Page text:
[ISHMap-List] FW: Jesuit Cartography Call for Papers
nick.millea at bodleian.ox.ac.uk
Thu Apr 6 11:32:52 CEST 2017
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Email: nick.millea at bodleian.ox.ac.uk
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From: Robert Batchelor [mailto:batchelo at georgiasouthern.edu]
Sent: 05 April 2017 18:12
To: Robert Batchelor <batchelo at georgiasouthern.edu>
Subject: Jesuit Cartography Call for Papers
Submissions welcome! Please pass along to those who might be interested. It will be broadly comparative--so not just for East Asianists.
Call for Papers:
Special Issue on Jesuit Cartography, August 2018
Journal of Jesuit Studies
Editor Robert Batchelor
Abstracts Due: Friday, May 19, 2017
As witnessed by the recent exhibition of the world maps of Matteo Ricci and Ferdinand Verbiest at the San Francisco Asian Art Museum, Jesuit cartography still incites public curiosity centuries after the maps were made. While Jesuit science and mathematics have been the subject of much study, especially in the context of East Asia, the broader and more diverse practices of Jesuit cartography around the world have proven more elusive. At the same time, significant scholarly and public interest remains about both the nature of Jesuit cartography and the longer-term influence it had on the process of imagining localities, nations, empires and cosmologies. Is there coherence to the category “Jesuit cartography”? If so, what created this coherence aside from the Jesuit order itself? How did Jesuit cartography emerge in tandem with indigenous mapping traditions? And finally, why did Jesuit cartography have such important effects on a global scale?
The Journal of Jesuit Studies seeks to publish an issue devoted to Jesuit Cartography that will include an overview of the current state of the field of Jesuit cartography along with six topical articles in August of 2018. Abstracts of proposed submissions should be 500 words or less, and are due by Friday, May 19, 2017. Full articles should be approximately 7000 words, including footnotes, and will be due by October 1, 2017. A summary article and bibliography by the issue editor on the historiography of Jesuit cartography will be available to contributors.
Contributions might focus on particular maps, cosmological or geographical mapping, particular cartographers and groups of cartographers, mapping and printing techniques, indirect influences of Jesuit mapping in places like Korea, Russia or Japan or on cartographic techniques in places with Jesuit schools like France, transcultural cooperation in creating and disseminating maps, maps as establishing relations between fields of study (cartography and mathematics, linguistics, natural history, aesthetics, or religion), and institutional practices as observatories in the nineteenth and twentieth centuries among other topics. Papers that combine novel archival work and a broader engagement with conceptual or theoretical approaches to Jesuit cartography are especially welcome. Geographic diversity and use of comparative approaches to different regions will factor into considerations of the issue as a whole. Potential contributors should consult the comparative, historical and critical approaches pioneered in J. B. Harley and David Woodward’s The History of Cartography (1987+) as well as J. B. Harley’s seminal article “The Map as Mission” (1991), more recent work on the sociology of knowledge and science, and/or data- and simulation-driven digital humanities and historical geography models as baselines for methodology. All papers will be published in English, although help with translation can be arranged.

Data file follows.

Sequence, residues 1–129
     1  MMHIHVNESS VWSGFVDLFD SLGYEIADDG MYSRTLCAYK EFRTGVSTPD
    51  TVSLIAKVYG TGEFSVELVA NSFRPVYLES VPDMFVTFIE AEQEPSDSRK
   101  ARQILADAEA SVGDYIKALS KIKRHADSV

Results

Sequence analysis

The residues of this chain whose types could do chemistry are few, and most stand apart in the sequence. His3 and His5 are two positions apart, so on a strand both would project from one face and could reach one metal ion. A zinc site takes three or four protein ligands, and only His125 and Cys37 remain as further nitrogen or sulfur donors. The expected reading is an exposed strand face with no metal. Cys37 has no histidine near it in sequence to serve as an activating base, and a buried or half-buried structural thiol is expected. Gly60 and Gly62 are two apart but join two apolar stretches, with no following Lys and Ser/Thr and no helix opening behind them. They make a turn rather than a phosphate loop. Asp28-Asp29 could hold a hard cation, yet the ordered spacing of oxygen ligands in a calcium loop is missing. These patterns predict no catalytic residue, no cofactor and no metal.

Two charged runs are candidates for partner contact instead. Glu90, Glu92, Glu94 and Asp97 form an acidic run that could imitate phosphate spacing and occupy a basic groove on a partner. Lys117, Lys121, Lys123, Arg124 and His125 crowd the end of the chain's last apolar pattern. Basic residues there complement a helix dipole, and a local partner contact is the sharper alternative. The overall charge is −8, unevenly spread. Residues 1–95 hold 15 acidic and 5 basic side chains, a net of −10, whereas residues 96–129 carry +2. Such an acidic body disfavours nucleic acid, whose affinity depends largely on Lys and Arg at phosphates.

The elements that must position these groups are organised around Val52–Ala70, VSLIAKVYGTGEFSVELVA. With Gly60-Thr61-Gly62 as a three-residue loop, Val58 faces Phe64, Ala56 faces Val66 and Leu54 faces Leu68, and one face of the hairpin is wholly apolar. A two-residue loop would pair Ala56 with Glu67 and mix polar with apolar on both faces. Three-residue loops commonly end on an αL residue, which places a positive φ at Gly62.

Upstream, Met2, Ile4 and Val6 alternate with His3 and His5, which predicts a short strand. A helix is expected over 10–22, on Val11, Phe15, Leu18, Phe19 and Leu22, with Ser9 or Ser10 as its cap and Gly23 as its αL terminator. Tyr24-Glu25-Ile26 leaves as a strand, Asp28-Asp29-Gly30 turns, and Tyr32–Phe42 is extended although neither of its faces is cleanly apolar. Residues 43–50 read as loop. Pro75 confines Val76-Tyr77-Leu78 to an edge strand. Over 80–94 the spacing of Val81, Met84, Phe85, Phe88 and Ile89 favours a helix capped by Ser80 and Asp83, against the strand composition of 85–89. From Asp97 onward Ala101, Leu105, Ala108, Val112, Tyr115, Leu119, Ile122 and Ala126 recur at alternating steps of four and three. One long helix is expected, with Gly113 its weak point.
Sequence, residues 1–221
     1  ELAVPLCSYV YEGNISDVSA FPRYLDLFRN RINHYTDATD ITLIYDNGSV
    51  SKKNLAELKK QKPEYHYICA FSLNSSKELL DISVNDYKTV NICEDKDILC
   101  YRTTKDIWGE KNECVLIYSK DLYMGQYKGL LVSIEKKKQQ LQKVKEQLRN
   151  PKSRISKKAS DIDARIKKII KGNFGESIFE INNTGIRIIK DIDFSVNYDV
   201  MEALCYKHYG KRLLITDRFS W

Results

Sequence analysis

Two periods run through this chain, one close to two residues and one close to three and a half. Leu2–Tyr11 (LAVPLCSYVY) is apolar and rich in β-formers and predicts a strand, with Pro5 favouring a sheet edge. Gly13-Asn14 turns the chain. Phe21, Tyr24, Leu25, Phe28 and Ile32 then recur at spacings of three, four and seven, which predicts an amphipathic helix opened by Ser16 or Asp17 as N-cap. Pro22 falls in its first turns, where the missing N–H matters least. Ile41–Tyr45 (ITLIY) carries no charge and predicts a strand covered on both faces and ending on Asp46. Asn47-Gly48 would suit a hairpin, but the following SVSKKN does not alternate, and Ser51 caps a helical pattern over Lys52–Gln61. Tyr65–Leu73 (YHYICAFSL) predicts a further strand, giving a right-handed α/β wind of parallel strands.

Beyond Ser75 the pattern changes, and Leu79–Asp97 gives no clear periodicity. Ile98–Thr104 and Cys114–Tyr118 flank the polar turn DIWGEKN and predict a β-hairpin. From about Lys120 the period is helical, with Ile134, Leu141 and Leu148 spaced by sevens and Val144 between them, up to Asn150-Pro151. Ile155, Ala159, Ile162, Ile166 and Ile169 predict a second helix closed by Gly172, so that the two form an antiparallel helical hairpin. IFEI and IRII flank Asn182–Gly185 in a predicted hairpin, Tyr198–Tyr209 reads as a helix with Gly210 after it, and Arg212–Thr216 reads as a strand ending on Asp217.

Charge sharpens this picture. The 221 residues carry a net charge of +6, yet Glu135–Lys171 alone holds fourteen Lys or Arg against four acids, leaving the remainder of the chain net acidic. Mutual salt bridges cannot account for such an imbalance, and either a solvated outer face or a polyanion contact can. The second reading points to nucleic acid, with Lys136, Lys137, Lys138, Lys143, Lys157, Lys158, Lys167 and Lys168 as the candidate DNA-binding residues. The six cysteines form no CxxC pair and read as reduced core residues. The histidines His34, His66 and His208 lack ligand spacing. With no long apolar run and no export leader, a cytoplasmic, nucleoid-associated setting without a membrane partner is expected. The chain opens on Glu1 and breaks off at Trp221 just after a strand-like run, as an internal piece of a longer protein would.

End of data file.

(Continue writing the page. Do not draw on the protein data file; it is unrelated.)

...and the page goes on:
Color and black and white images are possible and should be tentatively proposed with the abstract as a list (separate from the word count). Acquisition of publication-quality image files and rights to reproduce are the responsibility of the author. A permanent website resource separate from the journal will be available to contributors who wish to publish extra reference images.
The Journal of Jesuit Studies is published in cooperation with the Institute for Advanced Jesuit Studies at Boston College. It has four issues per year, three of which are thematic and one of which is open JJS is published by Brill and is peer reviewed, fully open access and is part of Reuters Thomson Web of Science Indexing (see http://www.brill.com/products/journal/journal-jesuit-studies). Questions about the issue and abstract submissions should be addressed to Robert Batchelor, batchelo at georgiasouthern.edu<mailto:batchelo at georgiasouthern.edu>.
Professor of History and Director of Digital Humanities
Georgia Southern University
Forest Drive Building (Office 1211, 5539 FOREST DRIVE)
Statesboro, GA 30460
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